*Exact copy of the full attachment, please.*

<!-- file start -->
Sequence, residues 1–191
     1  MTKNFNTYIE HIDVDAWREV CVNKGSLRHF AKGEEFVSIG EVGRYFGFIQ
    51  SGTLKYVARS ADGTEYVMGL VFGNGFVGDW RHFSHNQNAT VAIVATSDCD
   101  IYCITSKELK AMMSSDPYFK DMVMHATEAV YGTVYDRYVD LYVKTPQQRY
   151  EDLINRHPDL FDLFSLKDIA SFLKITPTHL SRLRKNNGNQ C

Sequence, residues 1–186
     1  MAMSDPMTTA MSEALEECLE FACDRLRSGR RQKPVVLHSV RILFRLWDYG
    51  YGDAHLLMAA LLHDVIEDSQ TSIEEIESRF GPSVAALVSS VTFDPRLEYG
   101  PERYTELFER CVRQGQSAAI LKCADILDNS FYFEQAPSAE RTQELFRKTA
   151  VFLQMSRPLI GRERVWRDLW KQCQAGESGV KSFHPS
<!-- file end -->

Sequence, residues 1–191
     1  MTKNFNTYIE HIDVDAWREV CVNKGSLRHF AKGEEFVSIG EVGRYFGFIQ
    51  SGTLKYVARS ADGTEYVMGL VFGNGFVGDW RHFSHNQNAT VAIVATSDCD
   101  IYCITSKELK AMMSSDPYFK DMVMHATEAV YGTVYDRYVD LYVKTPQQRY
   151  EDLINRHPDL FDLFSLKDIA SFLKITPTHL SRLRKNNGNQ C

Sequence, residues 1–186
     1  MAMSDPMTTA MSEALEECLE FACDRLRSGR RQKPVVLHSV RILFRLWDYG
    51  YGDAHLLMAA LLHDVIEDSQ TSIEEIESRF GPSVAALVSS VTFDPRLEYG
   101  PERYTELFER CVRQGQSAAI LKCADILDNS FYFEQAPSAE RTQELFRKTA
   151  VFLQMSRPLI GRERVWRDLW KQCQAGESGV KSFHPS